Winter 2019

Ah, mid-winter. Winter is an interesting season for grass-based farming. The hard work of feeding the soil, moving fences, and baling hay is behind us and we are simply feeding what we have already stockpiled from a long summers work. But snow, sleet, and ice can make even simple jobs turn into all-day affairs. After the ground freezes and has a solid layer of snow over it, we return the cattle to pasture. They have dense woods to shelter in and an open field to soak in the sun. The pigs are enjoying their piggy palace where they have deep composting bedding that keeps them warm and provides space to root. Their barn provides shelter to the north blocking the prevailing wind but is wide open to the south so they can soak up all the winter sun they can.

Our biggest chores aside from near-daily feeding are safety related; making sure it’s not too slippery for the animals and that areas around the barn and feeding area are cleared off to keep them clean and accessible. There is a fair amount of outside work in winter and the frigid temperatures in January can be exhausting. But we are already feeling the longer days and stronger sun of February and can only imagine that the animals are grateful too. Winter chores are the yin to the summer chores yang; after months in the fields the change of pace to winter chores is welcome. As winter goes on and spring gets closer we all find ourselves yearning for the green fields of summer. For now, we are still embracing the snow and quiet solitude of winter.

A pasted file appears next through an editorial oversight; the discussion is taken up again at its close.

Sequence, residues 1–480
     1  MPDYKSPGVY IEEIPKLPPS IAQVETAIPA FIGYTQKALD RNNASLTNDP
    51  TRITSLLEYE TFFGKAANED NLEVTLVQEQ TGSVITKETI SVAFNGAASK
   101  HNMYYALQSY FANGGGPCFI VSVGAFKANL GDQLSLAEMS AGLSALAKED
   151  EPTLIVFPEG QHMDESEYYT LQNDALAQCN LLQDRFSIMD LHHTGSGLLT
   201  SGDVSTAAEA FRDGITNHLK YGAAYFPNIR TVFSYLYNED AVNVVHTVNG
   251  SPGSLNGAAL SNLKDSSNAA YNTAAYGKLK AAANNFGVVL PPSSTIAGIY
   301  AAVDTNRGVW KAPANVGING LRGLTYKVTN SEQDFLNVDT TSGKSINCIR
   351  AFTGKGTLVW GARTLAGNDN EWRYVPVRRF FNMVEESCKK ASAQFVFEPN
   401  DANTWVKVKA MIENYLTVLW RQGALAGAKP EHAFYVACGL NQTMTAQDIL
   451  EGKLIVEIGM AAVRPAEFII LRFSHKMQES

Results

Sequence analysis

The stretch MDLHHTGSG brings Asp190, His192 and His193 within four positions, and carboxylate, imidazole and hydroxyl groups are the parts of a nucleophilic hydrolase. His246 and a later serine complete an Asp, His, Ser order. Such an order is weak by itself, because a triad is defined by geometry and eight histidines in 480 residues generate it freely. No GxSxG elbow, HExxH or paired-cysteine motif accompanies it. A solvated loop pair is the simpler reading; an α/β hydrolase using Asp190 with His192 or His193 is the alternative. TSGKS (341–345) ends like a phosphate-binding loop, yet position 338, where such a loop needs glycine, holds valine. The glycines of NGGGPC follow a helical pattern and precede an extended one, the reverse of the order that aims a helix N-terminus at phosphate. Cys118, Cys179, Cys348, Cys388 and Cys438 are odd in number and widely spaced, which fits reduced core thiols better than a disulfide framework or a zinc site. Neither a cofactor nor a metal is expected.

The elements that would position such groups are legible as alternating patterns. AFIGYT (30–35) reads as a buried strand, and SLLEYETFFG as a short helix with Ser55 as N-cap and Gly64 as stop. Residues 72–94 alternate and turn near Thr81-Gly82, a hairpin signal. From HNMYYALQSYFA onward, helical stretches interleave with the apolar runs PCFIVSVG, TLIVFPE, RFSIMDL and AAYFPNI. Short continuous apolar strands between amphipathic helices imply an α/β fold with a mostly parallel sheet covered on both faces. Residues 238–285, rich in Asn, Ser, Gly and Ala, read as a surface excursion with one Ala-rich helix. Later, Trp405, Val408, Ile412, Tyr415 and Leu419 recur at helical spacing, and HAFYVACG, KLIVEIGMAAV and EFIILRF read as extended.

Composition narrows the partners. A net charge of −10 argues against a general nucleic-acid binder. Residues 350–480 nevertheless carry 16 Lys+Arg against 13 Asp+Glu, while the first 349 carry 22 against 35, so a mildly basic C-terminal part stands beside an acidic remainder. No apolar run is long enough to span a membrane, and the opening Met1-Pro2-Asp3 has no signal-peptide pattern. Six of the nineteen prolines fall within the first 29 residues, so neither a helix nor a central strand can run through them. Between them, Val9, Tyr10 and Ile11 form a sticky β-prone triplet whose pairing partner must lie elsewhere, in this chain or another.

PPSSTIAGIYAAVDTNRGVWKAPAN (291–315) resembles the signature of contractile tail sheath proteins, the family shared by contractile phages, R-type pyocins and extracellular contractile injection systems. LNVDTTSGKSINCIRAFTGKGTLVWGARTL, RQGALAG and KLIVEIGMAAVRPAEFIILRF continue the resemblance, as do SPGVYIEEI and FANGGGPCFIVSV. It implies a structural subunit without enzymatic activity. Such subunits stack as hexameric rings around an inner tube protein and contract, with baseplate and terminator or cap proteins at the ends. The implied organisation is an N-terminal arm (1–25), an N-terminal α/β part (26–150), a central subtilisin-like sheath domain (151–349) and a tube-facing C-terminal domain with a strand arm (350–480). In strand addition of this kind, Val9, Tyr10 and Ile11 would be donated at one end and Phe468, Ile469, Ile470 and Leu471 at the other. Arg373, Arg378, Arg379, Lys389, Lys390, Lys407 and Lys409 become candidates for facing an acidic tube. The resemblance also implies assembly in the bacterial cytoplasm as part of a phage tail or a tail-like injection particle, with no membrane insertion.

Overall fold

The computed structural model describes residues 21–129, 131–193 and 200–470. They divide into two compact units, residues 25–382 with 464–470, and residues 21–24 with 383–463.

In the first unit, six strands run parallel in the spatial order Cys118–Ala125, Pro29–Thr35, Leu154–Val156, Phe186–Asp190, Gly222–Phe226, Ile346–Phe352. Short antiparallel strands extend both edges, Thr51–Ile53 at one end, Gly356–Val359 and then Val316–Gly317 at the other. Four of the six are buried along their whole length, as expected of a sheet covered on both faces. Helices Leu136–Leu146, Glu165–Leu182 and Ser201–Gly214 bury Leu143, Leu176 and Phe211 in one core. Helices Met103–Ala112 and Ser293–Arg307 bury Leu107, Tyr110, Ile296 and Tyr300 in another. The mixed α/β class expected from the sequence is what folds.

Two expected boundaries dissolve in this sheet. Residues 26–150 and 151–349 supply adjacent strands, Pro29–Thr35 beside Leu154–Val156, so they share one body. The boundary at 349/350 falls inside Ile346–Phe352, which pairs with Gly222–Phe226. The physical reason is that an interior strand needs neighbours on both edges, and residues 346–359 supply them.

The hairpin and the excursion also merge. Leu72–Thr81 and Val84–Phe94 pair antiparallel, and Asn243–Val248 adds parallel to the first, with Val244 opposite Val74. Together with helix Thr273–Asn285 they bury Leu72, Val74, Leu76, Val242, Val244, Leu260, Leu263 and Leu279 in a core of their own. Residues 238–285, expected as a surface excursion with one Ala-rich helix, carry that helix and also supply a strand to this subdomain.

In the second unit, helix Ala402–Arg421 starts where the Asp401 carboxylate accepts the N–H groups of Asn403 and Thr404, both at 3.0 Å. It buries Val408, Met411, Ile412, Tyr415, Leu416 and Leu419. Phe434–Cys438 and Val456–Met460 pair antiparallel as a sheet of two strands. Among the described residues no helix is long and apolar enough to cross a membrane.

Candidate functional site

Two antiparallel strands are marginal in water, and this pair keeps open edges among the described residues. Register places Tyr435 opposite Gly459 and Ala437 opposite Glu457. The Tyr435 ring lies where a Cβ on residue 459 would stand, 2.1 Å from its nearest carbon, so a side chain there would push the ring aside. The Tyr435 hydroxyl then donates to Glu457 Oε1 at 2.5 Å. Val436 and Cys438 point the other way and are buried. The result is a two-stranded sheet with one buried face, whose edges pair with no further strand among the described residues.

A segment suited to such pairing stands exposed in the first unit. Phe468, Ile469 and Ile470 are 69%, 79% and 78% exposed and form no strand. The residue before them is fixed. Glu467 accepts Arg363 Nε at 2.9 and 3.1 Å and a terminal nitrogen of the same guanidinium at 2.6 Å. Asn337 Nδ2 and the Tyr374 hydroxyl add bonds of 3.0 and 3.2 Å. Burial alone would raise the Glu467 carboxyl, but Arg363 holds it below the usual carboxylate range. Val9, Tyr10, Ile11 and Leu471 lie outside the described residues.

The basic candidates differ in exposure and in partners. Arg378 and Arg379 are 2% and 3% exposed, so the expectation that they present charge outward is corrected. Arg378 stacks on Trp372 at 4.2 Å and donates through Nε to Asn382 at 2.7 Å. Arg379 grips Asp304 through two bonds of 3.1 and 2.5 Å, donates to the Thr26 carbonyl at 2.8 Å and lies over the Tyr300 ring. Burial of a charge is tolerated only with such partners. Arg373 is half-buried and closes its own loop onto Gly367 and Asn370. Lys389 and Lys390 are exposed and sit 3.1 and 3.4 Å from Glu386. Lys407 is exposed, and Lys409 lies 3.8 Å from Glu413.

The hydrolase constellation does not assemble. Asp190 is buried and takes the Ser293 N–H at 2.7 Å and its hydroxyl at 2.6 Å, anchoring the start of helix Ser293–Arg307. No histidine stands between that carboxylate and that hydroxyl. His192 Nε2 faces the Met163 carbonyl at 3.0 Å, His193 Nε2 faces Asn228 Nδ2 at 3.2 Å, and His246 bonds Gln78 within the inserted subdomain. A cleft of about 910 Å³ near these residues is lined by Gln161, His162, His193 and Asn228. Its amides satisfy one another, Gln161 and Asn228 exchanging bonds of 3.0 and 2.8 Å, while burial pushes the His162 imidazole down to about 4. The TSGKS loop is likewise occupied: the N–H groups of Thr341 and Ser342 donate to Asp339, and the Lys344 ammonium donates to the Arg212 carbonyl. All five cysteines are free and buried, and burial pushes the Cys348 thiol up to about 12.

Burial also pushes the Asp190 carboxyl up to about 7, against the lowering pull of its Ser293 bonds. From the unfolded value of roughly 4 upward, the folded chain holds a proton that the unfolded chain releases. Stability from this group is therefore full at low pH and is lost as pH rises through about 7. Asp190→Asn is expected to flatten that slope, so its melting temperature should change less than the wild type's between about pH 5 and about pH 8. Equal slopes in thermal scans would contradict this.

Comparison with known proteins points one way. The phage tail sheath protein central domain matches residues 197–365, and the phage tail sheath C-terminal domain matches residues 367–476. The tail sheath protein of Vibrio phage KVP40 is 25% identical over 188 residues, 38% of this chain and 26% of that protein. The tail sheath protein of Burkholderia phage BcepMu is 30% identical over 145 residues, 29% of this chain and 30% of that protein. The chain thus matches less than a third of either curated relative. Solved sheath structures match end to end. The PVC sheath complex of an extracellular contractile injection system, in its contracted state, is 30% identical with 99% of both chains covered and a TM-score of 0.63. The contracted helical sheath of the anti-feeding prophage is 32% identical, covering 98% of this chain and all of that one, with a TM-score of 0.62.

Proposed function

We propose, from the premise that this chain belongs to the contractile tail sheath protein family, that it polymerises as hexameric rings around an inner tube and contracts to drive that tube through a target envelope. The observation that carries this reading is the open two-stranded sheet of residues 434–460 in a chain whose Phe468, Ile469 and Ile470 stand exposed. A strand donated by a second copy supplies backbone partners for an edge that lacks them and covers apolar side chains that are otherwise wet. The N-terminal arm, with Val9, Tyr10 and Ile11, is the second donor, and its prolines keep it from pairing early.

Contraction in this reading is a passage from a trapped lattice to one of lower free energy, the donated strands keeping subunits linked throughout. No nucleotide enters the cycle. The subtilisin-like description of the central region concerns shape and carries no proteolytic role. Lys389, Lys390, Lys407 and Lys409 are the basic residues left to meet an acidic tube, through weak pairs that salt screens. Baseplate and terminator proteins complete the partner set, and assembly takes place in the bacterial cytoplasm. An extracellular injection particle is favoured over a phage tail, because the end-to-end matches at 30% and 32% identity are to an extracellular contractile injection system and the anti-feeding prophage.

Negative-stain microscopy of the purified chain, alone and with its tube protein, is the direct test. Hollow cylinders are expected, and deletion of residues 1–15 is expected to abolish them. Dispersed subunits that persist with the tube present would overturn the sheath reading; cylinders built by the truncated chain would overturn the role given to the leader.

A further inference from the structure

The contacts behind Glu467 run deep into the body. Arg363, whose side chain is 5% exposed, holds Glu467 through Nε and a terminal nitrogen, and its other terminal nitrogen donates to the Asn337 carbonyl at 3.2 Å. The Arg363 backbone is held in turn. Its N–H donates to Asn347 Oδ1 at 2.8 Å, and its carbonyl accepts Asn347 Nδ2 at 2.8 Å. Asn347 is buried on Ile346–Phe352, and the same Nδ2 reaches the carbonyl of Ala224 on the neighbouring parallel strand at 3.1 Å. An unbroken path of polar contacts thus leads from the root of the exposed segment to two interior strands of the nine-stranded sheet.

Summer 2017

Where did summer go? Even though there are are 10 days left in the season the leaves are already changing colors. And while we are having a warm spell now, the nights are markedly cooler than they were in July and August. Maybe one of the reasons it flew by was how busy summer always is on a farm.

We had our biggest year yet of making hay. There are a whopping 650 hay bales tucked away in the barn and we expect to have over 700 round bales by the time the snow hits. That's a big increase from last year but we are growing so we'll have more cattle to feed this winter. We also have been creating new spaces for our pigs. Now that we will be producing pork year-round we have invested in extra fencing and pig huts and are building a winter structure.

All while rotating the cattle to fresh pasture every 24-48 hours and keeping all the animals fed and happy. While summer is in its twilight we are still reveling in the warm sunny days and hope you are too.

Spring 2017

Spring 2017

It's hard to pick a favorite season at CSR. They each have their own appeal - the pastures blanketed in white in winter, the cool breeze off Gilman pond in summer, the fiery hillside foliage in fall - but spring is undoubtedly the most magical.